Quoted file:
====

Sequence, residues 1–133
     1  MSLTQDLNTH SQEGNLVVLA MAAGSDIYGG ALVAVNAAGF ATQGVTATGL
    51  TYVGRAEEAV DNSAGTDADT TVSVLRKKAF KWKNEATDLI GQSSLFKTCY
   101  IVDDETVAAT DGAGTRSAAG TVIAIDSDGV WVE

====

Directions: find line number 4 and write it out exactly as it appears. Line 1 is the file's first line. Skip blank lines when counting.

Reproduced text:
   101  IVDDETVAAT DGAGTRSAAG TVIAIDSDGV WVE